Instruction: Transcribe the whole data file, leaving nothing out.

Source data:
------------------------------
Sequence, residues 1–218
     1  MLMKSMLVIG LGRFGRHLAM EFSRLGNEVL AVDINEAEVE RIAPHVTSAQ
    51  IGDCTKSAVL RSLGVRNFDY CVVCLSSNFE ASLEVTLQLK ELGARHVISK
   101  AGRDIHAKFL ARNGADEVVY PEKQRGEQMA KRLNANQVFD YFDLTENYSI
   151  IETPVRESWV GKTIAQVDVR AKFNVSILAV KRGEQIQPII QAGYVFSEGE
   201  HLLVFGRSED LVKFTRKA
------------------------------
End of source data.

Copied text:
Sequence, residues 1–218
     1  MLMKSMLVIG LGRFGRHLAM EFSRLGNEVL AVDINEAEVE RIAPHVTSAQ
    51  IGDCTKSAVL RSLGVRNFDY CVVCLSSNFE ASLEVTLQLK ELGARHVISK
   101  AGRDIHAKFL ARNGADEVVY PEKQRGEQMA KRLNANQVFD YFDLTENYSI
   151  IETPVRESWV GKTIAQVDVR AKFNVSILAV KRGEQIQPII QAGYVFSEGE
   201  HLLVFGRSED LVKFTRKA